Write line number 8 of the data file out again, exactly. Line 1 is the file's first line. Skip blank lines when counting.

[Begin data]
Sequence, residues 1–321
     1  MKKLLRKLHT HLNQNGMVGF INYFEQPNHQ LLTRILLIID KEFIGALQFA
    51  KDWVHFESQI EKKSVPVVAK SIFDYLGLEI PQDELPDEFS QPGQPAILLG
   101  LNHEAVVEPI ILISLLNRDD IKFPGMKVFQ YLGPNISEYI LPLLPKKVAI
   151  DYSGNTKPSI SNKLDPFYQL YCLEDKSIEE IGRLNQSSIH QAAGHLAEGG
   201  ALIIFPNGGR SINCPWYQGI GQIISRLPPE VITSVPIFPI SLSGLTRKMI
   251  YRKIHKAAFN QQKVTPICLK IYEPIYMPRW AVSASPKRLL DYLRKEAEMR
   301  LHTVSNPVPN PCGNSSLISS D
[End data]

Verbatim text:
   301  LHTVSNPVPN PCGNSSLISS D